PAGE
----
6.  Wool over our eyes?  Apparently developers are somehow fiddling their appraisals to maximise profits and avoid contributing to affordable housing. Unlikely!  The City Council is itself building things in the city, directly responsible for two of the biggest construction projects currently underway. We are still building homes, not just through Manchester Life, but also through Northwards and other partners.  We know exactly how much it costs to build and develop in Manchester!

7.  Luxury flats and housing need. 30 years ago less than 500 people lived in the city centre. Now there are now an estimated 65,000 people living in the wider city centre largely in ‘luxury’ flats. Nobody has been displaced and many of these people have moved from elsewhere in the city, freeing up homes there.  Every developer markets their product as “luxury”.  Of course they do because let’s face it ‘well built and designed but pretty ordinary’ doesn’t quite have the same resonance. That’s what most of them are.  There are, of course, some real luxury apartments but most of what has been built is good quality workers accommodation for the new urbanites who not only want to work in the city centre but also live there.  Who lives there?   There are software engineers, bankers and lawyers but equally there are pensioners (750 over 60’s), teachers, nurses, students, barristers, shop workers, bar staff and an increasing number of families.  As to whether or not it meets housing need, given it’s all full, the answer must be ‘yes’, and where would these 65,000 people live if those flats hadn’t been built?  Are there housing needs this sort of development doesn’t meet?  The answer is equally ‘yes’ , but these housing needs, particularly the pressing need for more social housing for low-income families, will only be met with hundreds of £millions of government subsidy.

8.  Heritage?  New York is a fantastic city, but if we’re talking tall buildings Chicago is really the place to go, so instead of MancHattan how about ChicChester.  Yet take a walk down Cross Street, past the Town Hall down Princess Street and on to Whitworth Street. Craning your neck look at those superb, Victorian mercantile structures and you know you are very much in Manchester.  Do we take Heritage seriously? £320 million on refurbishing the Town Hall says ‘yes’, but let’s look wider.  Earlier this year the Council publishing a survey of listed and heritage buildings in the Northern Quarter of which the vast majority have been restored and brought back into use.  We are currently working on the small number leftover. Even the Shudehill Shard is part of maintaining heritage – it is that height to make the restoration of part of the site (not owned by the Council), the old warehouse on Back Turner Street, economically viable. Nearby and just across the road from the excellent and still relatively new 1 Angel Square, the Co-op’s historic estate is being lovingly restored and brought back into use.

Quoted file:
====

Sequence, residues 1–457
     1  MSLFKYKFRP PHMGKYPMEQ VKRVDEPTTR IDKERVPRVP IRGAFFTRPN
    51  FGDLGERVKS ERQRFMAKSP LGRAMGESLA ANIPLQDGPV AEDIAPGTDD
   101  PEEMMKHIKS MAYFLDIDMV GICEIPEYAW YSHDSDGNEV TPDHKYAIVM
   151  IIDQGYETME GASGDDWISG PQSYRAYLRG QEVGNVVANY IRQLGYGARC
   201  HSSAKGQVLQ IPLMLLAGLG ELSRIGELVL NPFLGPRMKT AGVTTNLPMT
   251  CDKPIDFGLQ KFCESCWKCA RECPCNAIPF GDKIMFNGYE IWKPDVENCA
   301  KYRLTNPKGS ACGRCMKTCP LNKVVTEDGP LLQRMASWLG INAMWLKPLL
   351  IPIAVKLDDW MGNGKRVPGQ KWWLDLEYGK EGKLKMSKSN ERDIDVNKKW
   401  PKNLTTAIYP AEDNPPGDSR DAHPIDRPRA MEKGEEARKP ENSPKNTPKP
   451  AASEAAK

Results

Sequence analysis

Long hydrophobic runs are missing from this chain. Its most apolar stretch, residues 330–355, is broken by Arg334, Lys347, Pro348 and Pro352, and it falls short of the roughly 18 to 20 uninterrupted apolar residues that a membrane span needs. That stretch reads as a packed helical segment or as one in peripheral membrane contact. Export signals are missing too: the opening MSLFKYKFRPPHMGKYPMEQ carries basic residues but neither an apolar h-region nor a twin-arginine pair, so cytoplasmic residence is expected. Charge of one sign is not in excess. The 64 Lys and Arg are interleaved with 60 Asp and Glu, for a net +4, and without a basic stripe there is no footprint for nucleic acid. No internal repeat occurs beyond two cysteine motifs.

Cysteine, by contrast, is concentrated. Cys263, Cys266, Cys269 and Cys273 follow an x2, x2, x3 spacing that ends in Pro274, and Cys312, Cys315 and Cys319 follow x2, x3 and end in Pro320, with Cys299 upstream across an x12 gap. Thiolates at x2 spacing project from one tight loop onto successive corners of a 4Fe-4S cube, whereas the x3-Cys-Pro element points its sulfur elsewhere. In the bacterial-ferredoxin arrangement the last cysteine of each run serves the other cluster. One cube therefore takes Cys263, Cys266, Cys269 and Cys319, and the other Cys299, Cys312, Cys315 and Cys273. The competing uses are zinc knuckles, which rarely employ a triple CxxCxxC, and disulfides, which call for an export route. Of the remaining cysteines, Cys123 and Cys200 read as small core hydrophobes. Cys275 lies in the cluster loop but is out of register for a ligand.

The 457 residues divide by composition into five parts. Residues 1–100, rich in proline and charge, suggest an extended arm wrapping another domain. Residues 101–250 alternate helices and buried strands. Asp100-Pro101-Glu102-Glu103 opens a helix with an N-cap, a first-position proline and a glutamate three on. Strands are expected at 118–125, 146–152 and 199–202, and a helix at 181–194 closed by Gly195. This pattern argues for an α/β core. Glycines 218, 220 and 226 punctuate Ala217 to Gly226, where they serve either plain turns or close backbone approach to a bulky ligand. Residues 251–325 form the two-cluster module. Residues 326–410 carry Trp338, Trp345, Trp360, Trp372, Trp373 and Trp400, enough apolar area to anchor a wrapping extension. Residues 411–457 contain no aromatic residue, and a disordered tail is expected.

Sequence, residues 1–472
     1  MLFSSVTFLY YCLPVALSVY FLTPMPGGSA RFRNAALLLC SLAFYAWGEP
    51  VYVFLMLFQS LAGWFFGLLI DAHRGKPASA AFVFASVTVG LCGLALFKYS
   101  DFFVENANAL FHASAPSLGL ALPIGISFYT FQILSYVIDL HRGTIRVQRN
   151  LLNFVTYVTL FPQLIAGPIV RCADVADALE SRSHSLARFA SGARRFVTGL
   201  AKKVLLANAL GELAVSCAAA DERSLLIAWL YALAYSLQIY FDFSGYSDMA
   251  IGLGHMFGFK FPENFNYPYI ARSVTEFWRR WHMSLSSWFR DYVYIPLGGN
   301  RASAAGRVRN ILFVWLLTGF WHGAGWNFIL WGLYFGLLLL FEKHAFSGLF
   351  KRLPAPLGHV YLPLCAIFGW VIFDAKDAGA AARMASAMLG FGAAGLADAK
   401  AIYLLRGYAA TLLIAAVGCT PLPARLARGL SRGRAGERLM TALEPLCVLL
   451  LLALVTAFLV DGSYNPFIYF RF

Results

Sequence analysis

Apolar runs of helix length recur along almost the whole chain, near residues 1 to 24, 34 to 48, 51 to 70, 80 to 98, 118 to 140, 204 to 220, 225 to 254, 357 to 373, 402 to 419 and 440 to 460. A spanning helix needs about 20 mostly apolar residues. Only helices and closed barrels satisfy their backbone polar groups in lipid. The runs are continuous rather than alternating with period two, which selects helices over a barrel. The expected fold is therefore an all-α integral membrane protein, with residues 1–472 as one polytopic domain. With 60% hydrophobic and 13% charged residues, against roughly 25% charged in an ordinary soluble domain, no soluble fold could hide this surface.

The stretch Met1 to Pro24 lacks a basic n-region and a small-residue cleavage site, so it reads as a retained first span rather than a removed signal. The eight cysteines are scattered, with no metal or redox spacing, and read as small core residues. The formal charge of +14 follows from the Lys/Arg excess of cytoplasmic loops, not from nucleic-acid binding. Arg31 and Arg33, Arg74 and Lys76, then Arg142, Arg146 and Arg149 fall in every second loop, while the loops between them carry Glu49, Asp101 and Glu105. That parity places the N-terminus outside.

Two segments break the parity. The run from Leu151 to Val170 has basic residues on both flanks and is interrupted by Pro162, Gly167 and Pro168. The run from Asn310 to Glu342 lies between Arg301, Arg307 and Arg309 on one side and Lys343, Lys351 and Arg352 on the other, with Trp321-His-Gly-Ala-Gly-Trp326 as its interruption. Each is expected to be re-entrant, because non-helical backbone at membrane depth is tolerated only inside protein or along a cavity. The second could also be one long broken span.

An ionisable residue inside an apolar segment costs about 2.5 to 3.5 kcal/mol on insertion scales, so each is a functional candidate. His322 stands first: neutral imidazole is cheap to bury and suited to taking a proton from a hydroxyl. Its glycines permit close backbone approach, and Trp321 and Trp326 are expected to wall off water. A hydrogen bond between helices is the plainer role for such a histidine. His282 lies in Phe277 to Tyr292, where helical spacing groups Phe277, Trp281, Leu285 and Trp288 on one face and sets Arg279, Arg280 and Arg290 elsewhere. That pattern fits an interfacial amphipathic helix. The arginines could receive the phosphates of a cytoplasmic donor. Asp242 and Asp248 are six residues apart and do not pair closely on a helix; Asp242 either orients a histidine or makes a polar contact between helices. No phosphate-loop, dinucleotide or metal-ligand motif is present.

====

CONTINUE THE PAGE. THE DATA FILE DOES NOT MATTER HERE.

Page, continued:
9.  Stating the obvious! Mr Wainwright accuses me of being disingenuous for counterposing high density development on brown field sites as the alternative to strip mining the green belt. The history of the Greater Manchester Spatial Framework says otherwise. Councils including Stockport, Trafford and Bolton have been able to reduce demands on their green belt only because Manchester has committed to taking a share of meeting their housing requirements. It doesn’t take a genius to work out that if as well as housing, we need schools, places to work, green space and if land supply is constrained, which it is, we need to go up. Twice the height equals twice the number of homes.

10.  Losing our Soul? Post the 2002 Commonwealth Games, the Council commissioned some research to get underneath the character of the city.  The research boiled Manchester’s values down to three key elements – Respect (attitude, edge, enterprise); Live and Let Live (inclusive, welcoming, tolerant); Going Places (ambitions, forward moving) later summed up by Peter Saville as Original : Modern.  So Mr Wainwright’s article does get one thing right, even if only by accident. This is “ the most radical physical transformation of any UK city for some time” because 'This is Manchester and in Manchester we do things differently'.

 

Unfortunately due to a Jadu technical issue the Leader is currently unable to receive any comments via the Leader's blog therefore if you would like to respond to his article please email the Leader direct at : r.leese@manchester.gov.uk

 

 

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The blog of the leader of Manchester City Council, Councillor Richard Leese.